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Galatians 1:10

Galatians 1:10

For do I now persuade men, or God?
&c.] To "persuade", is to teach; see ( Acts 18:4 ) ( 2 Corinthians 5:11 ) the sense of which, with respect to men, is easy, but, with regard to God, difficult; and indeed cannot be applied to him, consistent with his divine perfections; and therefore something must be understood, and which may be supplied either thus, "do I now persuade", you or others, that "men or God" are to be hearkened to? not men, but God; the apostle did not teach them to hearken either to himself, or any of the other apostles, Peter, James, and John, any further than as he and they preached the pure Gospel of Christ; but should they do otherwise, they were not to be attended to, but God, who spake by his Son; or Christ, who is God as well as man; who is the great prophet in the church, a son in his own house, whose voice is to be hearkened to in all matters of doctrine, worship, and duty: or thus, "do I now persuade" you, to obey "men or God"; not men, but God; he did not teach them to regard the traditions of the elders, or to obey the commandments of men, but, on the contrary, the ordinances of Christ, who is the one Lord, and only master, whose orders are to be observed: or thus, "do I now persuade", to trust in "men or God?" to believe in the one or the other; not in men, in the wisdom, strength, riches, and righteousness of men, but in the living God; in the grace of God, and in the blood, righteousness, and sacrifice of Christ: or thus, "do I persuade" for the sake of "men, or God?" not for the sake of gaining honour, glory, and applause from men, as the Pharisees and false apostles did, but for the glory of God, the hour of Christ, and the good of immortal souls: or else not persons, but things are meant, by men and God: and the sense is, that the apostle taught and persuaded men to believe, not things human, but divine; he did not preach himself, or seek to set up his own power and authority over men; or set forth his eloquence, learning, parts, and abilities; or to gain either applause or riches to himself; he did not teach human wisdom, the vain philosophy of the Gentiles, and opposition of science, falsely so called; nor the traditions of the elders, nor the commandments of men; nor the power and purity human nature, or the righteousness of man: but delivered things divine; he persuaded to things concerning God, and the kingdom of God; see ( Acts 19:8 ) he taught, that without the regenerating grace of the Spirit of God, no man should see, and without the justifying righteousness of Christ, no man should enter into the kingdom of heaven, as his Lord had done before him; he preached the things concerning the grace and love of God, the person and offices of Christ, and the Spirit's work of regeneration and sanctification: the word "now", refers to all the time since his conversion, to the present: before his call by grace, he persuaded persons to hearken to men, to obey the traditions of the elders, to trust in their own righteousness for justification before God; but now he saw otherwise, and taught them to lay aside everything that was human, and to believe in God, trust in and depend on his justifying righteousness; and this he did, without any regard to the favour and affection of men, as appears from what follows:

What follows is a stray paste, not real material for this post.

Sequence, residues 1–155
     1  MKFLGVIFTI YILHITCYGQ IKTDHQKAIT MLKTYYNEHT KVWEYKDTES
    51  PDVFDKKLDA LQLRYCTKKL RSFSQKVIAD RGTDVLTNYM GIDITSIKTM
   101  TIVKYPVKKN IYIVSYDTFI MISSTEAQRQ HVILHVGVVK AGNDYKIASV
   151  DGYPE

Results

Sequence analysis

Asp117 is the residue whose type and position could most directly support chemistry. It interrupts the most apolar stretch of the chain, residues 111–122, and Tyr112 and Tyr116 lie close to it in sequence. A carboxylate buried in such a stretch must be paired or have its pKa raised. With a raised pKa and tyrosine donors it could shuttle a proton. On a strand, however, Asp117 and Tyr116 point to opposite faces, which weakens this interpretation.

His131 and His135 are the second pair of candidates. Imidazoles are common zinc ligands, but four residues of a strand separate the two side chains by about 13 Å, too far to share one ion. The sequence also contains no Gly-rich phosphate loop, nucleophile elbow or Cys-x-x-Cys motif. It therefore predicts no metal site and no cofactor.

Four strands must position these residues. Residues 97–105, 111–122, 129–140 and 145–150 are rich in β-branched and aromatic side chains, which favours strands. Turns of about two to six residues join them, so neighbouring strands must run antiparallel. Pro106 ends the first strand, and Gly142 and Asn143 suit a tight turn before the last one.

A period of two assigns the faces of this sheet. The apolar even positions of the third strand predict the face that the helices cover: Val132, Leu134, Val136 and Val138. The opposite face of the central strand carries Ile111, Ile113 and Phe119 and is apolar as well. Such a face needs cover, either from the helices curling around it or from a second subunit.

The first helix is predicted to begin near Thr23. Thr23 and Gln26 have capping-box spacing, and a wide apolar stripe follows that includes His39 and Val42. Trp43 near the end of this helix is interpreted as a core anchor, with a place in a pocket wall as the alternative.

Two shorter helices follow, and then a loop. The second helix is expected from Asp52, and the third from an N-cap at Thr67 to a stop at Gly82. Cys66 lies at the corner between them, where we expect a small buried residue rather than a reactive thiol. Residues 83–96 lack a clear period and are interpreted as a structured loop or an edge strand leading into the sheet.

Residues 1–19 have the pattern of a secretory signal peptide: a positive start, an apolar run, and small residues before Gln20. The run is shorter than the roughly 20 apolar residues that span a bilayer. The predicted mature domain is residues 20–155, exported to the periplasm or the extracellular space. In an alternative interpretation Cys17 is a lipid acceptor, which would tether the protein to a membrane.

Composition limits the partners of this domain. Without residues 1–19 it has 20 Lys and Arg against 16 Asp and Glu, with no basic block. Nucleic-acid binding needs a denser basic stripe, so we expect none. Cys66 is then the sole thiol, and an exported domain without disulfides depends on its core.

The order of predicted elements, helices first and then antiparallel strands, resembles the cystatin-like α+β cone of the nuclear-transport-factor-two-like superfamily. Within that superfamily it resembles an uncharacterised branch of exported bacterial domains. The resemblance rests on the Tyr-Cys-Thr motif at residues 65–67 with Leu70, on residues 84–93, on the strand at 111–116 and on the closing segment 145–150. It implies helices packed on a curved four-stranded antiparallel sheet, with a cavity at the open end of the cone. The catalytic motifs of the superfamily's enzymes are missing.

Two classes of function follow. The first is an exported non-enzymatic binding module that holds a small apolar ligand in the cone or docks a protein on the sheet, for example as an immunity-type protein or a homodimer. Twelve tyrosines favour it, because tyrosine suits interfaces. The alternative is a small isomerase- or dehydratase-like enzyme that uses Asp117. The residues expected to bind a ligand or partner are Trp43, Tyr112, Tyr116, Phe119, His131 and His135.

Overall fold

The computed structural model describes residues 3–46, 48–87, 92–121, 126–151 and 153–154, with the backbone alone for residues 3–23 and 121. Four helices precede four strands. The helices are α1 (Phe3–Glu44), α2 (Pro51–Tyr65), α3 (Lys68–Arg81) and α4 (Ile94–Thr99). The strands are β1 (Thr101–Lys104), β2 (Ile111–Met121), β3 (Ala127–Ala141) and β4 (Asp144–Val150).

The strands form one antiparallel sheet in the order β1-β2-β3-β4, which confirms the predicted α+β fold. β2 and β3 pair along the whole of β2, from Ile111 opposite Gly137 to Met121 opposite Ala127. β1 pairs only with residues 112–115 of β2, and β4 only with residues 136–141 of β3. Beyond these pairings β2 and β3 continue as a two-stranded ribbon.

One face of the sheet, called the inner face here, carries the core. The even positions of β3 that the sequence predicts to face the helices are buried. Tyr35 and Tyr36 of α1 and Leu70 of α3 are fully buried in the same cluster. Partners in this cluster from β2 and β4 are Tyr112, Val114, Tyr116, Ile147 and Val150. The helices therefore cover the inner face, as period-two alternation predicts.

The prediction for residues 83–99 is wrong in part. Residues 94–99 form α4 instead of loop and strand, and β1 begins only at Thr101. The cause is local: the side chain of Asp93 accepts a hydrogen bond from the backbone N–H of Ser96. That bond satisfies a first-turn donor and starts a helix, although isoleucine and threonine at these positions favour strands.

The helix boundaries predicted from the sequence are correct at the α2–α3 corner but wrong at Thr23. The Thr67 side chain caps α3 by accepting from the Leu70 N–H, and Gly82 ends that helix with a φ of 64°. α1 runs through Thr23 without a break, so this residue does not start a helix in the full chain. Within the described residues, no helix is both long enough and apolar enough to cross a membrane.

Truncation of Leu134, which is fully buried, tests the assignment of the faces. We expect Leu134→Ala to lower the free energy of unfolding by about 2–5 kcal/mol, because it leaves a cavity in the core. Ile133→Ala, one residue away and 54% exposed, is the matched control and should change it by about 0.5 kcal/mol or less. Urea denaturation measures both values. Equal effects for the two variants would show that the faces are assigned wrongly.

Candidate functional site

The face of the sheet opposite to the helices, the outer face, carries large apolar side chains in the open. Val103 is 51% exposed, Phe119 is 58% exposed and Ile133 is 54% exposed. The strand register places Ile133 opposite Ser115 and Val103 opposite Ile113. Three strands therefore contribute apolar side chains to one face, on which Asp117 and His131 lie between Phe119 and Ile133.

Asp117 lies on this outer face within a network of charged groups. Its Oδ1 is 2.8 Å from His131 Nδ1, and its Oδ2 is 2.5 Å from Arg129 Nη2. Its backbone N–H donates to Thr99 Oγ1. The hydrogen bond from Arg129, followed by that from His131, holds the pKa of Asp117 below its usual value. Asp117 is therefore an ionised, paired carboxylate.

or do I seek to please men?
no, he neither pleased, nor sought to please them; neither in the matter of his ministry, which was the grace of God, salvation by a crucified Christ, and the things of the Spirit of God; for these were very distasteful to, and accounted foolishness by the men of the world; nor in the manner of it, which was not with excellency of speech, or the enticing words of man's wisdom, with the flowers of rhetoric, but in a plain and simple style. There is indeed a pleasing of men, which is right, and which the apostle elsewhere recommends, and was in the practice of himself; see ( Romans 15:2 ) ( 1 Corinthians 10:33 ) . This proceeds from right principles, by proper ways and means, and to right ends, the glory of God, the good, profit, edification, and salvation of men; and there is a pleasing of men that is wrong, which is done by dropping, concealing, or corrupting the doctrines of the Gospel, to gain the affection and applause of men, and amass wealth to themselves, as the false apostles did, and who are here tacitly struck at; a practice the apostle could by no means come into, and assigns this reason for it:

for if I yet pleased men, I should not be the servant of Christ:
formerly he had studied to please men, when he held the clothes of those that stoned Stephen, made havoc of the church, hating men and women to prison; and went to the high priest, and asked letters of him to go to Damascus, and persecute the followers of Christ, thereby currying favour with him; but now it was otherwise, and he suggests, that was this his present temper and conduct he should have continued a Pharisee still, and have never entered into the service of Christ; for to please men, and be a servant of Christ, are things inconsistent, incompatible, and impracticable; no man pleaser can be a true faithful servant of Christ, or deserve the name of one: the apostle here refers to his office as an apostle of Christ, and minister of the Gospel, and not to his character as a private believer, in which sense every Christian is a servant of Christ; though to men is even contrary to this; for no man can serve two masters, God and the world, Christ and men. The Septuagint version of ( Psalms 53:5 ) is, "for God hath scattered the bones", (anyrwpareskwn) , "of men pleasers", to which agree the Syriac and Arabic versions.

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